The stories behind New Mexico’s ancient volcanoes
It’s no secret that New Mexico is a haven for outdoor enthusiasts of all sorts. Mountain biking, hiking, winter sports, and diving (you read that right!) are all thoroughly enjoyed by natives and tourists alike. What makes New Mexico the perfect place to adventure is the complex diversity of geography seen throughout the state. While most of New Mexico is considered “high desert,” that is, a desert climate at high elevation, other parts are densely forested with snow-capped peaks. The coolest and perhaps most underrated feature? Ancient volcanoes! New Mexico is full of dormant, ancient volcanoes, lava flows, and vents that simple passer-throughs might not even notice. In fact, it’s possible to explore dormant volcanic fields up the entire Rio Grande rift, complete with a super volcano or two along the way!
While there are hundreds of examples of dormant, ancient volcanoes and volcanic fields across New Mexico, there are four well-known clusters that exemplify the most impressive features to explore. Mount Taylor, the Jemez Mountains, the Albuquerque Mountains, and Capulin volcano are exceptionally intact and have avoided erosion over millions of years. While each volcano varies in age, size, shape, and geography, one thing is clear: they’re amazing to witness.
Here are the coolest ancient volcanoes in New Mexico.
Mount Taylor has a rich history, not only geologically speaking, but culturally as well. It’s classified as a stratovolcano, built from layers of hardened pumice, lava, ash, and tephra over time. Active from 3.3 to 1.5 million years ago, Mount Taylor erupted repeatedly, sending mass amounts of debris in every direction. Scientists posit that Mount Taylor’s size and eruption history closely mirrors that of Mount Saint Helens and the San Francisco Peaks near Flagstaff, Arizona. Some even estimate the volcano sat at an elevation of 25,000 feet in it’s tallest stage.
But Mount Taylor is extraordinarily special for another reason entirely. The Navajo people consider the volcano to be a sacred site which marks the southernmost border of the Dinétah, or traditional homeland. Mount Taylor also plays an important role in Navajo mythology as the place where the First Man replicated mountains from the Fourth World, out of sacred matter and soil from the Fourth World. If you plan on exploring this impressive mountain, it’s important to keep a respectful demeanor at all times.
In northeastern New Mexico lies an exceptionally preserved cinder cone volcano named Capulin. Extinct for more than 58,000 years, Capulin Volcano stands unique amongst the surrounding Raton-Clayton Volcanic Field. Rising high above the flat grasslands, the volcano has a top elevation of 8,182 feet above sea level and has panoramic views of more than 100 distinct volcanoes within the field. The impressive cone and crater are easy to explore, as a paved road circles the entire mountain culminating in a parking area at the top. From there, it’s possible to hike around the mile-long rim and even go down into the 400-feet-deep crater, which was once the center or northern New Mexico’s volcanic activity. It’s hard to imagine thousands of tons of lava pouring from the smooth, grassy mountainside we see today!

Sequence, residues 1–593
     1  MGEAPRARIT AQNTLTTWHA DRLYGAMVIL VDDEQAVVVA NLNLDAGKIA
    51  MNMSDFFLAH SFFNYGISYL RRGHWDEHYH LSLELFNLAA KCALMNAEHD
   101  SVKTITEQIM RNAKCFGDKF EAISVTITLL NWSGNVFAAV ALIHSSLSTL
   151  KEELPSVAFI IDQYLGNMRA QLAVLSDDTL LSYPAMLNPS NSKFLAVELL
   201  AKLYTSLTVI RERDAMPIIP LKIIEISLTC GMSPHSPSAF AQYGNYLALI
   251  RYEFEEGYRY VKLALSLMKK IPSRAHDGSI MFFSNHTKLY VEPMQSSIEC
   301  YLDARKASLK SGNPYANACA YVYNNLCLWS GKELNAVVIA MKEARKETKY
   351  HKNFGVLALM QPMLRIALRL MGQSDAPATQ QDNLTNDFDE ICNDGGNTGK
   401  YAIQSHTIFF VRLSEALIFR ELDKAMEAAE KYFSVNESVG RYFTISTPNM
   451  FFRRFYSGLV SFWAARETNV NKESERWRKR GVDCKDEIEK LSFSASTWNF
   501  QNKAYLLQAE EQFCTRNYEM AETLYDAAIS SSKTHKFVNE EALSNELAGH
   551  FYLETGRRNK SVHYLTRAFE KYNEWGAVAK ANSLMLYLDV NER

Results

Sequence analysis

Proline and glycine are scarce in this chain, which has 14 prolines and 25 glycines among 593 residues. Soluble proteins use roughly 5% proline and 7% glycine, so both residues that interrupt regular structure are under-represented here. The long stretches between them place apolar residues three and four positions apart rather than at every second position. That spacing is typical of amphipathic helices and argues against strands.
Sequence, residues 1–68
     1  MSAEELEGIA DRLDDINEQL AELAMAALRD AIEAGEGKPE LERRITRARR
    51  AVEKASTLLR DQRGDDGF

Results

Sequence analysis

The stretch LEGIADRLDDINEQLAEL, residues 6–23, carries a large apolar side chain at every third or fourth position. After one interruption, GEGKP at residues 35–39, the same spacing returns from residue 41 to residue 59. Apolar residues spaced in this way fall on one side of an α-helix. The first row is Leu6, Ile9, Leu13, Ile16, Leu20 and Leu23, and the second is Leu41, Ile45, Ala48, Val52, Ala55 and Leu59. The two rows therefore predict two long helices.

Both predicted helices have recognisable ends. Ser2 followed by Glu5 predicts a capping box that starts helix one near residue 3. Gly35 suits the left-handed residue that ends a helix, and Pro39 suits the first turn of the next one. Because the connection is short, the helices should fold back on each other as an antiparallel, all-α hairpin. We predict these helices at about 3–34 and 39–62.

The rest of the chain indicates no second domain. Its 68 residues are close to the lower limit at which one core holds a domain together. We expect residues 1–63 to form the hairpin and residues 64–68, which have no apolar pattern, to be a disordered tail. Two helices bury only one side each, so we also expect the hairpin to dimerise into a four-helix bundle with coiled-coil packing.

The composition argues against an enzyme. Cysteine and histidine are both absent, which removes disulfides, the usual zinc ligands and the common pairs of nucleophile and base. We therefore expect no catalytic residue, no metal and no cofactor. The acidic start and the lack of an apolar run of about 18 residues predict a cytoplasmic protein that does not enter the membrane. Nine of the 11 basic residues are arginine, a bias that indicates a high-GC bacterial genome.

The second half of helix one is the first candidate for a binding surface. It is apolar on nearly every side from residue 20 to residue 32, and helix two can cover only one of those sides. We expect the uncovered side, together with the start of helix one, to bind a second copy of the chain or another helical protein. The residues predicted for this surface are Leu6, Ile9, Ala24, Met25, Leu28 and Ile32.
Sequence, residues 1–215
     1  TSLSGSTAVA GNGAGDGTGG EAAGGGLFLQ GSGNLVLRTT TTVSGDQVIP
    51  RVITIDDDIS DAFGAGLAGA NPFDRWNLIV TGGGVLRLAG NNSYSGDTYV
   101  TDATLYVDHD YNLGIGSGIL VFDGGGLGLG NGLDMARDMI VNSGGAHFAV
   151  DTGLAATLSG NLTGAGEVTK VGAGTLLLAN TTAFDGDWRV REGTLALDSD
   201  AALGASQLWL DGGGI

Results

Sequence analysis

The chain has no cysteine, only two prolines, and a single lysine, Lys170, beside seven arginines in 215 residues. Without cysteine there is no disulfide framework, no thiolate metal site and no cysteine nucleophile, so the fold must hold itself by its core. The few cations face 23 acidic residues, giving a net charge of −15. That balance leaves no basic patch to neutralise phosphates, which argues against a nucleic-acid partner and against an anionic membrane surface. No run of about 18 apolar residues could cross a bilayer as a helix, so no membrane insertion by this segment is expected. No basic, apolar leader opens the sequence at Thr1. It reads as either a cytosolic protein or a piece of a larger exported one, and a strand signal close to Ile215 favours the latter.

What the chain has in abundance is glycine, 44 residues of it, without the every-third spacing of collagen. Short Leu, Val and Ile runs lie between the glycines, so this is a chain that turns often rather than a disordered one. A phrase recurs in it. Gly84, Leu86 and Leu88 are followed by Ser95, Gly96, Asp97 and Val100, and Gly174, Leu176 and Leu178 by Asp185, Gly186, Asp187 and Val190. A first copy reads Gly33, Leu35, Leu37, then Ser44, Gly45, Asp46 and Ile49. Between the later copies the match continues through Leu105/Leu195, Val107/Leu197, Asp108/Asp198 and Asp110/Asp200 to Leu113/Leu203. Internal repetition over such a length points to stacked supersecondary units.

The Jemez Mountains have a long and complicated volcanic history, dating back 25 million years. These ancient basalts dikes, flows, and plugs can be observed in the southeastern and northwestern quadrants of the range, while the Toledo and Valles calderas are perhaps the most impressive features. The calderas, or magma chambers post roof-collapse, have the most recent and explosive history in the range. The youngest of these, Valles, erupted 1.2 million years ago with a force 250 times larger than that of the 1980 Mount Saint Helens eruption. For visual context, the explosion was so massive that debris and ash from it have been excavated as far away as Texas, Oklahoma, and Kansas. That puts Valles in the category of supervolcano, one of only seven in the world. Known today as the Valles Caldera National Preserve, it’s easy to explore some of the 54 miles of hiking trails, trout fishing streams, and ecological habitats that thrive within the valley.
The nearest examples of volcanic activity to big-city life are the volcanic fields within the borders of Petroglyph National Monument just west of Albuquerque. The most famous cone, called Vulcan, is classified as inactive and is unlikely to erupt again. A great way to gain some perspective is by hiking to the top of Vulcan and surveying the surrounding mesa, where a chain of five volcanoes can be observed. From Vulcan, you’ll see Black then JA volcanoes to the south, and Bond and Butte to the north. Petroglyph National Monument itself is a great place to discover hundreds of archaeological sites, as well as an estimated 24,000 images carved by the Ancestral Puebloans of the region.